GDP growth to go below 6pc
The Asian Development Bank has said Bangladesh's GDP growth in the current fiscal year will edge down to 5.7 percent due to global economic crisis and political turmoil at home.
However, Bangladesh will be able to maintain the average growth rate among the South Asian countries, the lender said.
“Though political activities are expected to be volatile, social stability will be sustained,” the ADB said in its Asian Development Outlook, the organisation's annual economic publication, released yesterday.
Finance Minister AMA Muhith, too, at a pre-budget discussion with the Economic Reporters' Forum said the targeted GDP growth in the current fiscal year might not be achieved.
“But the GDP [gross domestic product] growth rate at any event is unlikely to go below the last fiscal year's 6.4 percent.”
The government had earlier targeted a GDP growth rate at 7.2 percent for the current fiscal year.
Despite higher remittances, growth in demand for private consumption is expected to weaken, the ADB said.
Households adopt a cautious approach to spending because of political uncertainties, depressing production in industries oriented to domestic markets, it said.
Export demand, a major contributor to GDP growth, is expected to slacken slightly, reflecting the Outlook baseline assumptions that the euro area economy stagnates and the US recovery remains frail. The lender also forecast that the GDP growth would be 6 percent in the next fiscal year.
It said the economic forecasts for FY2013 and FY14 rest on some assumptions.
First, the central bank's slight easing in monetary policy announced in January 2013 will not stoke inflation, given the declining trend in international commodity prices and a favourable domestic crop outlook.
Second, the government will contain subsidies by continuing to raise fuel and electricity prices and thus keep in check its need for bank borrowing.
Third, though political activity is expected to be volatile, social stability will be maintained. And, finally, weather will be favorable, the ADB said.
Lower rice prices will further dampen consumer demand through reduced agricultural income. Ongoing decline in imports of capital equipment and slow import growth for raw materials indicate lower utilisation of existing production capacity and a lull in investment.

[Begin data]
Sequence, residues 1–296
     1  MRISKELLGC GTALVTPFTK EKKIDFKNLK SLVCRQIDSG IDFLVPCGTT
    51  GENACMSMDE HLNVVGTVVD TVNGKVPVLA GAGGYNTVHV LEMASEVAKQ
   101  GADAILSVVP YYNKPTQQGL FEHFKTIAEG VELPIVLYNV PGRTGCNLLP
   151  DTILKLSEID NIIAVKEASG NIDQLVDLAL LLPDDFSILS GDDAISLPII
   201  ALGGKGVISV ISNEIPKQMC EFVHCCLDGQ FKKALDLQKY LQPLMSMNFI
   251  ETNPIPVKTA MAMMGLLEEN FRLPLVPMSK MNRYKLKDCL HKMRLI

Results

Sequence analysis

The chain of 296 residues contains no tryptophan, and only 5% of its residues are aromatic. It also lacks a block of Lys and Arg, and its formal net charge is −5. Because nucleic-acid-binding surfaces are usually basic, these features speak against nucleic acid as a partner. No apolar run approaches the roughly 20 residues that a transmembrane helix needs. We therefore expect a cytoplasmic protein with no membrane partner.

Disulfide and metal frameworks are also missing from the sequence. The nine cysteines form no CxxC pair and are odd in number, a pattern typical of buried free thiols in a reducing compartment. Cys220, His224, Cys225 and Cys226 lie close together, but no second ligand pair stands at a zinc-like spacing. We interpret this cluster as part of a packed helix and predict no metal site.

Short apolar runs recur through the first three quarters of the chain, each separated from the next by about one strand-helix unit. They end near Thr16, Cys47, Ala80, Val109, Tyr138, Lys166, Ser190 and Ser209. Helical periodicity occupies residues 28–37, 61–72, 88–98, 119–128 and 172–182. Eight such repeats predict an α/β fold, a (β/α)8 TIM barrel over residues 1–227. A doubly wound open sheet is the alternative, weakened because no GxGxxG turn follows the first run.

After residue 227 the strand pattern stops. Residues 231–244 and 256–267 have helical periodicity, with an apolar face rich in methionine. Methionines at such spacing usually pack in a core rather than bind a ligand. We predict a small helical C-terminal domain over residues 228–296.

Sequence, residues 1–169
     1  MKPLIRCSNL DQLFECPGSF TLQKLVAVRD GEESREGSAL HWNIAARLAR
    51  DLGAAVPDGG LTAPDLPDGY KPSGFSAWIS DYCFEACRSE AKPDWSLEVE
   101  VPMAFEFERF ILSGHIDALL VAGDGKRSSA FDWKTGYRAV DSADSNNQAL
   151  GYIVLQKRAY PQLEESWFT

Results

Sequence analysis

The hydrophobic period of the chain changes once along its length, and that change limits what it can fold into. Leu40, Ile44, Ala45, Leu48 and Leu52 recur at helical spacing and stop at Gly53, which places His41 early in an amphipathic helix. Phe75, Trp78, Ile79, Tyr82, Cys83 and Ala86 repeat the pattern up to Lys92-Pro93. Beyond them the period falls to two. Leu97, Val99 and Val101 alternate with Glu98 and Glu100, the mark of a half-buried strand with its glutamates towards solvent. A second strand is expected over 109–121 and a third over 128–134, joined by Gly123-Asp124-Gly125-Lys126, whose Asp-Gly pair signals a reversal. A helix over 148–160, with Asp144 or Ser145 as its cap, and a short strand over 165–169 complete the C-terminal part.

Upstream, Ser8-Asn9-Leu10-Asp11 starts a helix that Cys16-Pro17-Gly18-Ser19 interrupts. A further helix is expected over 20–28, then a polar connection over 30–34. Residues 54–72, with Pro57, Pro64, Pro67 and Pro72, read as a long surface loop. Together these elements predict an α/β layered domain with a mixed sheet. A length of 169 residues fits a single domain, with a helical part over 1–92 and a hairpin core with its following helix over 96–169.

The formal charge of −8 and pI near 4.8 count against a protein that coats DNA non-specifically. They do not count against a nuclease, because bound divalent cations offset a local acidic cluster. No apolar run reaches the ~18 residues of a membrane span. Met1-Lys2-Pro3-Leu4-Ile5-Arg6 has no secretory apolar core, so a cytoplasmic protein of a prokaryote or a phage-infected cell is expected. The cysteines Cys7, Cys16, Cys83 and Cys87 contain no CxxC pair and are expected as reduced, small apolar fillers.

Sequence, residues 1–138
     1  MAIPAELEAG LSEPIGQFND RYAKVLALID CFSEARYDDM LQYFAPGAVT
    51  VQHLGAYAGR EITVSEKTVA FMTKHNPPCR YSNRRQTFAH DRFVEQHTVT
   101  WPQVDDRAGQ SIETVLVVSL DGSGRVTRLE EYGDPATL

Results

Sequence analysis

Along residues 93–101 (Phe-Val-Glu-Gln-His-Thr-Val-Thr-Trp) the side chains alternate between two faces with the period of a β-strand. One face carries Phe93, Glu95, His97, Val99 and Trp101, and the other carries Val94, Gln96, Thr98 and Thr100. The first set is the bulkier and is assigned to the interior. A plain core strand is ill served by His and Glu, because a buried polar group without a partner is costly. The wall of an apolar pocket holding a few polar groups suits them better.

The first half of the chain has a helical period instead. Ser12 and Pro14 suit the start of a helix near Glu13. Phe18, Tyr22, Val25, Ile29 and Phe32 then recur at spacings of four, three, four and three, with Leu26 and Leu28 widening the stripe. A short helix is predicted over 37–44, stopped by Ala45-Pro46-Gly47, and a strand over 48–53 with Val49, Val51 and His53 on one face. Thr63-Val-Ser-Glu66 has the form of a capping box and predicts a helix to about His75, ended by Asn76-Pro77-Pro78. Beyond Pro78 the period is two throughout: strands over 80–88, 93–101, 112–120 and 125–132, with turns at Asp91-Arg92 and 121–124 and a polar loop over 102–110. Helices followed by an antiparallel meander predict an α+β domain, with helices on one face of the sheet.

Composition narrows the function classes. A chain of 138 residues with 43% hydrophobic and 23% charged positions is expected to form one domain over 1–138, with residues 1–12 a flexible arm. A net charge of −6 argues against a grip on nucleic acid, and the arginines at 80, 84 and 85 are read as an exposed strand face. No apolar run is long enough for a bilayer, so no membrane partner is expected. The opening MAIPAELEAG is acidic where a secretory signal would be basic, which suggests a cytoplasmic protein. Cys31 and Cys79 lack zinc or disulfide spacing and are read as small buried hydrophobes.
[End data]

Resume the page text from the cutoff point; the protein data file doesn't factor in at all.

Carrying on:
A drop in import letters of credit opened for machinery and industrial raw materials signals weak economic activity in the coming months, the ADB said.
Industry growth is expected to slow to 6.5 percent in FY2013, reflecting slack demand externally and domestically.
The lender said the Monetary Policy Statement of the Bangladesh Bank released in January signalled greater emphasis on private credit growth target.
However, these measures are unlikely to spur much more private borrowing as long as prevailing consumer and investor sentiment remains subdued, the ADB said.
It said headwinds to growth include worsening power shortages, the inability of new industrial units to get natural gas connections, increased fuel and electricity prices along with wage pressures, and sluggish activity in the real estate sector.
About agricultural growth, the ADB said favourable rainfall during planting and expanded acreage sown to the winter rice crop should help agricultural output in FY2013 recover to 4.2 percent growth.
Greater access to credit resulting from central bank initiatives is expected to bolster output from livestock, aquaculture, and non-cereal crops.
Services growth in FY2013 is expected to slow to 6 percent, reflecting weaker economic activity, and then expand by at least 6.1 percent in FY2014 on moderate recovery in overall demand.
There are downside risks to the projections. Economic developments in the euro area and the US may prove to be much weaker than assumed in the Outlook baseline, materially affecting exports from Bangladesh.
Another risk is budget revenues weakening if political unrest intensifies enough to markedly disrupt economic activity. Extreme spending policies to brighten reelection prospects could compromise monetary and fiscal discipline. Natural disasters pose perennial risks.